Catherine Galbraith (née Catherine Merriam Atwater; January 19, 1913 – October 1, 2008) was an American author who was the wife of economist and author John Kenneth Galbraith, and the mother of four sons: diplomat and political analyst, Peter W. Galbraith, economist James K. Galbraith, attorney J. Alan Galbraith, and Douglas Galbraith who died in childhood of leukemia.
Life and career
She was born in New York City, New York, the daughter of Alice Caroline (née Merriam) and Charles Woodard Atwater, a lawyer who later served as the Consul General for Siam and the granddaughter of Wilbur Olin Atwater, the inventor of the calorimeter and chemist known for his studies of human metabolism and nutrition.
Galbraith attended Smith College, spending her junior year at the Sorbonne, and obtaining her bachelor's degree in Romance languages from Smith in 1934. She then took graduate courses in German language at the University of Munich, where she lived in the same rooming house-dormitory as Unity Mitford, a girlfriend of Adolf Hitler. She was awarded a Master of Arts degree from Radcliffe College in 1936. Galbraith was fluent in Hindi and several other languages.
She was introduced to her future husband at a café while she was a graduate student at Radcliffe. The couple married on September 17, 1937, at the Reformed Church of North Hempstead, New York. The newlyweds were to sail on the MV Britannic to London, where J.K. Galbraith had plans to spend the year as a research fellow at the University of Cambridge studying under economist John Maynard Keynes, but Keynes was struck with a heart attack. Instead, Kitty introduced John to Europe, driving through the countryside and visiting towns and cathedrals.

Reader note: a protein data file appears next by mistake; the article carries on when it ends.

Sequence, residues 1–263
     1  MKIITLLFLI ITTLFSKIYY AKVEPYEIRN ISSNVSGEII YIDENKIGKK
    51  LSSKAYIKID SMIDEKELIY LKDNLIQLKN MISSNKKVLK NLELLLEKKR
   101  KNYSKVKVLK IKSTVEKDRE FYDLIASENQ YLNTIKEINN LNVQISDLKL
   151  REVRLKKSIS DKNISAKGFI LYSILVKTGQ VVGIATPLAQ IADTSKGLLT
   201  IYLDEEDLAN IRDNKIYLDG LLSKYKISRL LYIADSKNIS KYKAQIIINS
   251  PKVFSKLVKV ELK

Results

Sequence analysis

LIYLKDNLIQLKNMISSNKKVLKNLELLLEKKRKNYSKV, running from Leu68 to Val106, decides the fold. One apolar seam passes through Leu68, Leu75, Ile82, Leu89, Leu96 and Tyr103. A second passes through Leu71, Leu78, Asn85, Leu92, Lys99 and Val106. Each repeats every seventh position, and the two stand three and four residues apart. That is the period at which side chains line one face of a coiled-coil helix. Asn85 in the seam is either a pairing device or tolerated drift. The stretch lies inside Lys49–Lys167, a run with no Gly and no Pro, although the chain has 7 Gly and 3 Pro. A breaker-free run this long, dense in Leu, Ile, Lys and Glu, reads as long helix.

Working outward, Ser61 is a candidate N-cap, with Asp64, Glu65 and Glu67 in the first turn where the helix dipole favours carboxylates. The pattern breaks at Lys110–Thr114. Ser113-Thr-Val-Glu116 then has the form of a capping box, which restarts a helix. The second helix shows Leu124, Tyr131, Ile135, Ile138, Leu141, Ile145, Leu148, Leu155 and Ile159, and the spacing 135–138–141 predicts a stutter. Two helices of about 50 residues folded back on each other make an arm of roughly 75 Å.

Her son James wrote an essay while in fourth grade about the work his parents did, which included a detailed description of his father's job and concluded that "Mother doesn't do much". In response, Galbraith wrote an article in the May 1963 issue of The Atlantic Monthly, titled "'Mother Doesn't Do Much':The Ambassador's Wife in India", describing her role in running the household and entertaining distinguished guests.
She co-authored a book India; Now and Through Time with Rama Mehta, the wife of an Indian diplomat in 1972, which was intended to introduce children ages 10–14 to the culture and life of India. The book includes personal anecdotes as well as photographs, and was described by Joseph Lelyveld of The New York Times as a "graceful and accurate book" that makes the reader wish for more stories.
For more than two decades, the Galbraiths held an annual party after the Harvard University commencement that often included Nobel prize laureates and heads of state. Benazir Bhutto visited the Galbraiths during her freshman year at Harvard in 1969 and was a guest when she gave the commencement address in 1989.
- Lawrence, J. M. (2008-10-04). "Catherine Galbraith, at 97; transformed economist-husband's life and career". The Boston Globe.
- Staff (1937-09-17). "Manhasset Bridal For Miss Atwater; Daughter of Consul General for Siam in New York Wed to John K. Galbraith". The New York Times.
- Galbraith, Catherine A. (May 1963). "'Mother Doesn't Do Much': The Ambassador's Wife in India". The Atlantic Monthly: 47.
- Lelyveld, Joseph (1972-02-27). "Book Review: India; Now and Through Time, by Catherine Atwater Galbraith and Rama Mehta". The New York Times.
- Papers of Catherine Atwater Galbraith, 1912-2008. Schlesinger Library, Radcliffe Institute, Harvard University.